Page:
I wanted to build a simple amplifier for a square wave generator with the following configuration: enter image description here

The presence of the amplifier is crucial since with my 12Ω load the output peak current may be near to 2A.

My main problem with this configuration is that my square wave generator is (and must be, for my project) adjustable. So, I can choose its amplitude value and set it from 0 to 20V, while the voltage supply is 24V.

Since the voltage supply is 24V, there will be a huge voltage drop between collector and emitter terminals, which will become heat.

Do you have an alternative configuration which avoids this problem?

It's exactly the same problem of a general linear voltage regulator. In such a case it's solved by choosing a PWM switched mode regulator. But that's true for a DC voltage regulator. Is there a similar configuration for a square wave voltage regulator?

  • \$\begingroup\$ Is the load purely resistive? Does the frequency vary? \$\endgroup\$ Apr 5, 2021 at 8:37
  • \$\begingroup\$ Resistive Load, constant frequency \$\endgroup\$
    – Kinka-Byo
    Apr 5, 2021 at 8:39
  • \$\begingroup\$ "Do you have an alternative configuration which avoids this problem?" Yes, PWM. In PWM the transistor is either fully off so \$ P = VI = V\times 0 = 0 \$ or fully on so in your case \$ P = 0.2 \times 2 = 0.4 \ \text W \$. (0.2 V transistor saturation voltage and 2 A). That's why it's used so much. With your scheme at 12 V out you'll have \$ P = VI = 12 \times 1 = 12 \ \text W \$. (All voltages in the calculations are across the transistor.) \$\endgroup\$
    – Transistor
    Apr 5, 2021 at 8:53
  • \$\begingroup\$ @Transistor Can you tell me how can I use PWM for a square wave regulation? \$\endgroup\$
    – Kinka-Byo
    Apr 5, 2021 at 11:26
  • \$\begingroup\$ Maybe, if you can tell us what it is you are making and what the 12 ohm load represents. Edit all the details into the question. \$\endgroup\$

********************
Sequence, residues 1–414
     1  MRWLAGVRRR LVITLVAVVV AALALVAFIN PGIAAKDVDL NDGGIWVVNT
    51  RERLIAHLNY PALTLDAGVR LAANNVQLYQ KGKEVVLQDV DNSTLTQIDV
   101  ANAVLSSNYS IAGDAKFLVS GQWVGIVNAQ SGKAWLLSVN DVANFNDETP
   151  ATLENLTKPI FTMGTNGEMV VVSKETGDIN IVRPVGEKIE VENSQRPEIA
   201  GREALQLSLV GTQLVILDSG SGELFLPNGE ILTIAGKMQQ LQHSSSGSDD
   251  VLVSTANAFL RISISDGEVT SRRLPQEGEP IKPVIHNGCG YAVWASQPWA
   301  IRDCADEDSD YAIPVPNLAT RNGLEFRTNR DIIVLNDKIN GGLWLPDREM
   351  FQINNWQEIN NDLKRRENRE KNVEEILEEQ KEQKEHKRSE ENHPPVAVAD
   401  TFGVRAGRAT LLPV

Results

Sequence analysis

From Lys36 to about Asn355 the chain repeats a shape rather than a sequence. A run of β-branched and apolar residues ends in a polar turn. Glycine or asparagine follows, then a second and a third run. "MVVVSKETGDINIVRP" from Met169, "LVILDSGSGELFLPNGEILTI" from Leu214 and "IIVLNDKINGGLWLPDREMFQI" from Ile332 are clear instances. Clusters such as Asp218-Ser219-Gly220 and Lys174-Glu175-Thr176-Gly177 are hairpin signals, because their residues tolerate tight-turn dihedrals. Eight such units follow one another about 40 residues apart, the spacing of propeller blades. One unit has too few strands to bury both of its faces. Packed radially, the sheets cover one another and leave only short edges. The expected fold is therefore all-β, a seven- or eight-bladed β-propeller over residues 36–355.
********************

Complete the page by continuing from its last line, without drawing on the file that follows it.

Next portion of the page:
– Transistor
    Apr 5, 2021 at 11:38

1 Answer 1


For a high-side switch, when your input signal level is smaller than the load voltage, you generally need two transistor stages.

The resistor values and transistor types are approximate, you need to analyze for your requirements.


simulate this circuit – Schematic created using CircuitLab

  • \$\begingroup\$ Won't the voltage drop on Q1 collector-emitter terminals cause heat like in my initial configuration? \$\endgroup\$
    – Kinka-Byo
    Apr 5, 2021 at 8:59
  • \$\begingroup\$ Well you do need to properly select the transistors, yes, but there's low effective on resistance transistors - though you might have to replace Q2 with a MOSFET if a BJT can't get low enough. But quite likely it can. \$\endgroup\$
    – mmmm
    Apr 5, 2021 at 9:27
  • \$\begingroup\$ I think I misunderstood the question. If you want a variable square wave, I would use a circuit similar to this, but put a buck regulator before it. If you require high precision on your square wave voltage, you will need to do it differently. \$\endgroup\$
    – Mattman944
    Apr 5, 2021 at 13:24

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